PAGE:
Executives Must Prepare for SE Asia Corruption Risks
As economies in the West remain shaky, Southeast Asia beckons investors. But alongside some of the world’s fastest growing economies is the risk of corporate corruption in a region where winning deals still sometimes means greasing the right wheels. Last month, the French engineering giant Alstom SA pleaded guilty to U.S. charges that the company bribed officials in Indonesia, and agreed to pay a record criminal penalty of $772 million.
Western companies can be lured into bribe schemes when they see local competitors clearing bureaucratic hurdles with greater ease, Jeremy Douglas, who leads the United Nation’s regional Office on Drugs and Crime for Southeast Asia and the Pacific told R&C Journal. UNODC works with countries in the region to strengthen anti-corruption laws. But Mr. Douglas said that in practice, compliance with those laws is uneven across the region. To navigate the pitfalls, Western companies need to establish firm ties to home country embassies and seek assistance through diplomatic channels if demands for bribes are shutting them out of business, he said.
This interview has been edited for clarity and length.
How do Western companies get themselves into trouble in the region?
Mr. Douglas: This is an incredibly competitive business environment. There’s a lot of business growth in Southeast Asia. The region is lowering barriers between states in Southeast Asia to allow the freer, faster flow of people and goods. You have 6%,7%, 8% growth in these countries compared to much [more sluggish economic growth] in Europe or North America.
Western companies see that and they enter the region with the intention of making big profits for their investors. And executives from the West may not be attuned to the business environment they are coming into. But they may see there are companies from East Asia that are much more attuned with the culture of the region and are able to get their projects moving very quickly. And they start to wonder why they aren’t able to do so.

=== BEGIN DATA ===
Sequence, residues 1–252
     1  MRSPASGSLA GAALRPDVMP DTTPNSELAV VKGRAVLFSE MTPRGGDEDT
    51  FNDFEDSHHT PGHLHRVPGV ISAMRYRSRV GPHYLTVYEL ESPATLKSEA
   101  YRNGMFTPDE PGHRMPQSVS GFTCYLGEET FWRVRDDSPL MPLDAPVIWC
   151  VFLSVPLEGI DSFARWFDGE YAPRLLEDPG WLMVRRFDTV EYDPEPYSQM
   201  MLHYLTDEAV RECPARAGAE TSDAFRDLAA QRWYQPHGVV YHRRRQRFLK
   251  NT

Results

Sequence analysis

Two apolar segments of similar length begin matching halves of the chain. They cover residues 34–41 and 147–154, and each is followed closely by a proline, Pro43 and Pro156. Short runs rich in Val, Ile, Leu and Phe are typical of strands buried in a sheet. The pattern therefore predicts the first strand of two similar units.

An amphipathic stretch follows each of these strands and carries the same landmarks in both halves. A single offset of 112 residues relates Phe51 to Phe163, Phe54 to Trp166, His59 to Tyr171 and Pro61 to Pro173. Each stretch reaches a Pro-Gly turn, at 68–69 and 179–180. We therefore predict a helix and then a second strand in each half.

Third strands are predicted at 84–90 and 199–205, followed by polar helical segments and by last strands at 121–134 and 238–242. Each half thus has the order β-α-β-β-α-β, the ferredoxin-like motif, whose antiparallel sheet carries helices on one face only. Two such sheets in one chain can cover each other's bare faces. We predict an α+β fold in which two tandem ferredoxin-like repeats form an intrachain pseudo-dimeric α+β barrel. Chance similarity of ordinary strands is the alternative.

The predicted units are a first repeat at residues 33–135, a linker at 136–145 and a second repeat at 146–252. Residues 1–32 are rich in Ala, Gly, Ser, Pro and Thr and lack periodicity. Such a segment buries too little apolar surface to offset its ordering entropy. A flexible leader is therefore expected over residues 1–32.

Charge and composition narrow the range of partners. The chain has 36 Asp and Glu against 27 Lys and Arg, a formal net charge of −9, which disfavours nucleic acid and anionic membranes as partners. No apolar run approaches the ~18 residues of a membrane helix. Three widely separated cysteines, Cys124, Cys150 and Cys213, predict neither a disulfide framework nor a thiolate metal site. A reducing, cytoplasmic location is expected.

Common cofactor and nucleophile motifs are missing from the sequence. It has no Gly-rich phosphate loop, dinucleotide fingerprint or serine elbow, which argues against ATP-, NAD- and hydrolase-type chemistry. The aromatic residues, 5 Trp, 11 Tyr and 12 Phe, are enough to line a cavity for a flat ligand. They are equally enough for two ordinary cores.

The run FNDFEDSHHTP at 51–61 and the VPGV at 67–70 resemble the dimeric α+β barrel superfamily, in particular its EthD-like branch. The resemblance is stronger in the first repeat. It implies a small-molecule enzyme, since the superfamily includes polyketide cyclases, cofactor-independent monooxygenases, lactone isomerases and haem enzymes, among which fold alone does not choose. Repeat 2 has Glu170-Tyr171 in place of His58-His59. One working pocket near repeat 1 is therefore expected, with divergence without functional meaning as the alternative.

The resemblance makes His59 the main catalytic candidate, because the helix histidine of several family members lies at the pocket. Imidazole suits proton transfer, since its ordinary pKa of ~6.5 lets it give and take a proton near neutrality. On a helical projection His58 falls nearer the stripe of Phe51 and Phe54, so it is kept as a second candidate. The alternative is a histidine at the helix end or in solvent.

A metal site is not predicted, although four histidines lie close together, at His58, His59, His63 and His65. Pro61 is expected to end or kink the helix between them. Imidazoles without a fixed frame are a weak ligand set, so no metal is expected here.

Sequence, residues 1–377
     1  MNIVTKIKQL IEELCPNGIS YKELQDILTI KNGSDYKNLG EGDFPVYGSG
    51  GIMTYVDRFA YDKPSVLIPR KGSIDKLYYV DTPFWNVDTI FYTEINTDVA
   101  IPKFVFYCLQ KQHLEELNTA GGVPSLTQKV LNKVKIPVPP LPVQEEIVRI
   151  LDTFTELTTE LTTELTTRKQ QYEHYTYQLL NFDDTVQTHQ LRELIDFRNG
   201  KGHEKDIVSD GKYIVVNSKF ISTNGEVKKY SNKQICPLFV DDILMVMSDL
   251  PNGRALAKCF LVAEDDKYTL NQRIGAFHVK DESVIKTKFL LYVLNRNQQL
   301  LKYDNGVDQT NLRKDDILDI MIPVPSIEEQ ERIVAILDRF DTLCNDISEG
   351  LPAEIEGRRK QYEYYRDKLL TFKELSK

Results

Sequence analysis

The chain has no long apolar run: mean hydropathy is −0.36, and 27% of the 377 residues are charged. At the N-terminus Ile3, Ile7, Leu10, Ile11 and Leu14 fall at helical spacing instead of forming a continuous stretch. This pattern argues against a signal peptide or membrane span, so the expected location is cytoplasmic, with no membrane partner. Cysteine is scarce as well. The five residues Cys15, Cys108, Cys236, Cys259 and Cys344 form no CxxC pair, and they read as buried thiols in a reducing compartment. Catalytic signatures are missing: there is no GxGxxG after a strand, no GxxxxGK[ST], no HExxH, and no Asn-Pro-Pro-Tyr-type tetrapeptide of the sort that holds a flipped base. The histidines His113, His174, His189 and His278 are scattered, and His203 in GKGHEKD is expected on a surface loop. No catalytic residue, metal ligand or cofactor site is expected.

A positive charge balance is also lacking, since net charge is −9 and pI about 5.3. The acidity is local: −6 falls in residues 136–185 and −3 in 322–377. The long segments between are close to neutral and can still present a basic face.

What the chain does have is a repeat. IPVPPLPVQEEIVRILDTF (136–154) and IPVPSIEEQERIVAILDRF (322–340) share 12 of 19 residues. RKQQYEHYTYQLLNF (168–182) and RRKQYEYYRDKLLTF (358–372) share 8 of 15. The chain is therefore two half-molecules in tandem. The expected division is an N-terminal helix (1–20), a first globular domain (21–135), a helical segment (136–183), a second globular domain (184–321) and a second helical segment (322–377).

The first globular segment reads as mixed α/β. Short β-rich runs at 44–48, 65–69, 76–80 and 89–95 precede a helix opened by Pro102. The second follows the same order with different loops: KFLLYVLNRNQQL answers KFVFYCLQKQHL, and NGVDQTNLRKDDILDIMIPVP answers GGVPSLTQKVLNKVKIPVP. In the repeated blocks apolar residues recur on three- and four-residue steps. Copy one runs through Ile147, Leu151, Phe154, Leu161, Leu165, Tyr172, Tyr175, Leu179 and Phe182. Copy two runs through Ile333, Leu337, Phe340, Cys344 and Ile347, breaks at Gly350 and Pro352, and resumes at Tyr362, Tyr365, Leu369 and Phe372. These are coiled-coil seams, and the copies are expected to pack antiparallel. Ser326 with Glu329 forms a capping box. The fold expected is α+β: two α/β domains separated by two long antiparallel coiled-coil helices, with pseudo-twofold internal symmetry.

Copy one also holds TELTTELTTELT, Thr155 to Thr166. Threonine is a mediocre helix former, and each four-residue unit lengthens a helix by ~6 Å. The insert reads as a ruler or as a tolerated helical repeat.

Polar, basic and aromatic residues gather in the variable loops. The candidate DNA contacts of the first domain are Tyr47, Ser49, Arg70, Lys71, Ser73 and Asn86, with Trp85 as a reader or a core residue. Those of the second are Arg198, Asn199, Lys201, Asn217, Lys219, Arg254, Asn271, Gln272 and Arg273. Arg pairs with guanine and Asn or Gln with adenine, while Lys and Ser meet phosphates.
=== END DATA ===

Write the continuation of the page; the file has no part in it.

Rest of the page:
What we see in the region is that bureaucracies and government structures tend to be highly personalized. People are ensconced in key positions i.e. government procurement positions, or people in the position to give government contracts, let’s say building a power plant. [These officials] are in powerful positions to ease up administrative procedures and accelerate red tape and issue licenses.
So companies can be drawn into scenarios where they are paying facilitation fees or their intermediaries are paying facilitation fees. [Much of] Southeast Asia doesn’t have a lot of the regulatory structure–the checks and balances you have in the [U.S. or Canada] so companies come in and run into very powerful persons in those structures, and they know if they can influence these officials, they can get what they need to win business.
Is it feasible for companies to take advantage of the opportunities in the region without getting trapped by corruption? Or is there work that an ethical company is going to just get shut out of?
Mr. Douglas: I would hope that’s not true. I’d hope companies don’t feel like they are shut out of business if they aren’t willing to go down that road.
It’s a matter of being better informed and companies having a much better understanding of the places they are going into. There is a tendency when a country opens up like Myanmar for people to come and rush in. And they see companies from other countries do things very quickly, and there is a is a tendency to try to play the game. But that can lead them to get caught up in scenarios that may be unhealthy for the company. But if they come in and they are better informed they understand the systems in the country, they should be able to avoid these scenarios.
There is an unevenness in the region. It’s very different in different states. All the countries in the region set up systems to be compliant with the U.N. Convention Against Corruption, which means they put in place legislation and policies, which will set the ground for proper processes in countries. But it is very uneven, frankly.
On one extreme you have Singapore where there are all the checks and balances in place and you are not going to have this problem. On the other hand you have Laos, which is in the bottom 10% of nations worldwide in terms of budget–so there is extreme variability. A company coming into Laos isn’t going to have the environment they have in Singapore. In between Laos and Singapore, you have countries like Thailand with its own complexities.
So executives are going to have to educate themselves and then decide if they should enter a particular country.
But in practice what can companies do if they run into a corruption problem?
Mr. Douglas: When companies are exploring a business environment [in the region] it’s really important to be linked in with their home embassies and business chamber efforts. That can help gain an understanding of the environment that they are looking to operate in and help them understand how the governments work. They also need to make sure they have their diplomatic channels set up working for them. If there is an issue, you are bidding on something and you have a sense that you are being shut out, it’s important for you to communicate back to your embassy on those problems. Obviously Canada and the U.S. don’t want to have an unfavorable business environment for their companies. By using those avenues you are encouraging your home government to make anti-corruption a priority.
Source: The Wall Street Journal